An open day on Sunday by the Sedgeford Historical and Archaeological Research Project, better known as SHARP or the Sedgeford Dig, drew scores of enthusiasts keen to delve into the past of this part of Norfolk with half-hourly tours of the site drawing large crowds.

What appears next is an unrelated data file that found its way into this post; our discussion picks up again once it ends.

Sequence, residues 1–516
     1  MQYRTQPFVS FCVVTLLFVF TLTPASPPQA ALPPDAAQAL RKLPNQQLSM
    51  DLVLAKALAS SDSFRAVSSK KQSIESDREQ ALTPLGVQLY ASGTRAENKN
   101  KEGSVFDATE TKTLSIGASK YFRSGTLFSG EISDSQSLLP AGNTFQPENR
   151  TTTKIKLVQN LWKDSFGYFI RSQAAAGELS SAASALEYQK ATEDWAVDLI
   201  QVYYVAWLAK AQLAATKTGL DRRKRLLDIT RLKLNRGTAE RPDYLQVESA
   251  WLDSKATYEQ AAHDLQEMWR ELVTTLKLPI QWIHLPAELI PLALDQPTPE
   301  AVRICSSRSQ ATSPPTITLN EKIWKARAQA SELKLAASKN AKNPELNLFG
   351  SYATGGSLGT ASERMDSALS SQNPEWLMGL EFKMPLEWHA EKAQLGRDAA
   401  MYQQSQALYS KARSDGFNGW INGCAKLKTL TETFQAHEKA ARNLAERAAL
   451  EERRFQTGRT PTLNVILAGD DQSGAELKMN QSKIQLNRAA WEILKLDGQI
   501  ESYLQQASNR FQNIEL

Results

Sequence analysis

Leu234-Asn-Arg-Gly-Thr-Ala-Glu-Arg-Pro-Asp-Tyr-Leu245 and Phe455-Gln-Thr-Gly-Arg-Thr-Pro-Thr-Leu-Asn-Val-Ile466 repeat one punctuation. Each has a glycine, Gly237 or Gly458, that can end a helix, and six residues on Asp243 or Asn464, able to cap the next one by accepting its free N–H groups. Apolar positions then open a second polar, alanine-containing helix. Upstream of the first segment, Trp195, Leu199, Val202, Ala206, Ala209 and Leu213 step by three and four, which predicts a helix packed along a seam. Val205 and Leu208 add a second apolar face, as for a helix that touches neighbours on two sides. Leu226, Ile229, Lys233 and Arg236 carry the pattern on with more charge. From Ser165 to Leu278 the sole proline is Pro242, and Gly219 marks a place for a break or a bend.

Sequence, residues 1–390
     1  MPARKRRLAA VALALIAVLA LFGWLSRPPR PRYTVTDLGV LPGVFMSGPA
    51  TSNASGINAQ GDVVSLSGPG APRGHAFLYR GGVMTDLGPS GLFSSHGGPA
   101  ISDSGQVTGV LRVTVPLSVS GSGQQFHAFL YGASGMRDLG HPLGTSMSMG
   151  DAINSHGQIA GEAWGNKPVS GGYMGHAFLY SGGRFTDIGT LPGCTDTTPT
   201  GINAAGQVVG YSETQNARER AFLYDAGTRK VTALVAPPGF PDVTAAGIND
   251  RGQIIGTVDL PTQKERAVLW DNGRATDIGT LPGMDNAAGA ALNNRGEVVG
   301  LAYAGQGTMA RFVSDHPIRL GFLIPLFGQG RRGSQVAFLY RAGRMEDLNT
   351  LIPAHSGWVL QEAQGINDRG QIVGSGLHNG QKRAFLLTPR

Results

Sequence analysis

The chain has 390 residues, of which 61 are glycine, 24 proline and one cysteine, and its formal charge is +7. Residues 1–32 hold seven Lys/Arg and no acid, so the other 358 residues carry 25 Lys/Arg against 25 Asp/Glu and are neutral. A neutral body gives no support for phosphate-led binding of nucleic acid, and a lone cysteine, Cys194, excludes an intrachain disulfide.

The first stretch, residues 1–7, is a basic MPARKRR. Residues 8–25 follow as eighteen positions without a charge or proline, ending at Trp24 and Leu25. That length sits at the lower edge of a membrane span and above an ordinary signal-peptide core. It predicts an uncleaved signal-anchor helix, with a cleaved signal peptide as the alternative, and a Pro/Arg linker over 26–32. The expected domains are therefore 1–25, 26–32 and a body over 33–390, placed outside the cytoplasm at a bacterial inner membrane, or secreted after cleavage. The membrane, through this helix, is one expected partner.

It’s one of the biggest and longest-running volunteer projects in the country. What is so special is that the village moved across the River Heacham and so the site is undisturbed,” said open day organiser, Kevin Claxton. This year the annual dig ends next Friday. It has involved uncovering more of the everyday objects used by the villagers who inhabited the site up to 1,300 years ago. Remains in their Christian cemetery, in addition, have shown that some inhabitants died violently, possibly at the hands of the Vikings. Work has also been done on a medieval manor and water mill. Excavations have also taken place on a World War One aerodrome. But although the present concentration is on the Anglo-Saxon village the area turns up artefacts from neolithic times to the present day. And if the many genuine finds failed to excite younger visitors, the project also brought the past to life in a more colourful way. A number of SHARP members dressed up in period clothes adding a touch of reality to the occasion. Pictured, organiser, Kevin Claxton, dressed as a Roman centurion, and Elizabeth Stewart as Boudicca. MLNF16PB08439